Here, lululemon has failed to plead its fraudulent inducement claim with the particularity required by Rule 9(b). Lululemon alleges that 108 N. State made three separate misrepresentations:
1) "In 2007, Defendant's real estate agent represented to lululemon that Apple had agreed to lease retail space at the Shopping Center and that lululemon could lease space immediately next to Apple's retail store," 2) that "around this time, Defendant's agent delivered to lululemon a drawing of the shopping center that specifically showed lululemon's store located next to Apple...," and 3) that "before the lease was executed, Defendant represented to lululemon that Apple had executed a Lease for retail space at the Shopping Center." See Compl. ¶¶ 7, 9. Although lululemon has pled the content of the alleged misrepresentations, and it may have satisfied the "who" with regards to the first two alleged misrepresentations, because 108 N. State's real estate agent is identified in lululemon's Letter of Intent which is attached as an Exhibit to its Complaint, it has not adequately pled the identity of the party making the third alleged misrepresentation. Additionally, lululemon does not plead with particularity the time when the misrepresentations were made, the place in which they were made and the method in which they were made. Lululemon merely states that two of the three alleged misrepresentations were made "in 2007," and the third was made sometime "before the lease was executed." See Compl. ¶ 7, 9. While the Court does not read Rule 9(b) to require the provision of exact dates, giving such a vague time frame is insufficient to adequately plead when the alleged misrepresentations took place. Likewise, lululemon simply alleges that 108 N. State's Agent "represented," during discussions, that Apple agreed to lease space at the Shopping Center, that Apple had executed a lease for the rental space and that lululemon could lease space immediately next to Apple. See Pl. Compl. ¶ 7, 9. This, however, is insufficient; lululemon must specify the method of communication, indicating not only whether the alleged misrepresentations were oral or written but also whether they were made in person, by phone, or by some other medium. See Hologic, Inc. v. Dunworth, 98 C 3200, 1999 WL 529564, at *2 n. 6 (N.D. Ill. July 20, 1999) (Gottschall, J.). Lastly, lululemon has completely failed to identify the place in which the alleged misrepresentations were made. As such specificity is required to state a claim for fraudulent inducement Count I of lululemon's Complaint must be dismissed. See Uni*-Quality Inc. v. Infotronx, Inc., 974 F.2d 918, 923-24 (7th Cir. 1992) (affirming dismissal of fraudulent inducement claim where plaintiff failed to allege identity of party who made alleged misrepresentations, the time the misrepresentations were made, or the place they were made); Graue Mill Development Corp. v. Colonial Bank & Trust Co. of Chicago, 927 F.2d 988, 993 (7th Cir. 1991) (affirming dismissal of fraud claim because plaintiff failed to allege with particularity the required elements of content, time, place and identity).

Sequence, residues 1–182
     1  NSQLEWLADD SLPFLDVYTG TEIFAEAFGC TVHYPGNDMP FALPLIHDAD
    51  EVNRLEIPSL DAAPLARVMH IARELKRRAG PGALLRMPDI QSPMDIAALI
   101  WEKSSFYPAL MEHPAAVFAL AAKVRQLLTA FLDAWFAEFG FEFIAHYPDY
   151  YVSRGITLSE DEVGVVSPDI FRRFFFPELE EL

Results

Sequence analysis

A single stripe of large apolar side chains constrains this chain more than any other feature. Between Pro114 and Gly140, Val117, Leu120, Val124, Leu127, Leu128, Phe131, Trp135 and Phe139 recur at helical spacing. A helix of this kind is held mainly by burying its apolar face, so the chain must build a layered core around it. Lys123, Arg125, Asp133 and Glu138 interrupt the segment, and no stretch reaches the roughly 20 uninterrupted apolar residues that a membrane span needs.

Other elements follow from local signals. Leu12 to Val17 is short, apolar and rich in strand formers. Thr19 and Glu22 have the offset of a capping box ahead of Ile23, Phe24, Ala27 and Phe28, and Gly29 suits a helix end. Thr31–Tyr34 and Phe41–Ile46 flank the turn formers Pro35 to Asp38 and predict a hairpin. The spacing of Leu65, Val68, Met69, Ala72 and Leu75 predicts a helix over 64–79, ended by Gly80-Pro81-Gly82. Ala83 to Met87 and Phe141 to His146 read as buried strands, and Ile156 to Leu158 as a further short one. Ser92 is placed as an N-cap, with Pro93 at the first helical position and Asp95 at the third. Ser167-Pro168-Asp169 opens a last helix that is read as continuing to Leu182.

II. ICFA Claim (Count II)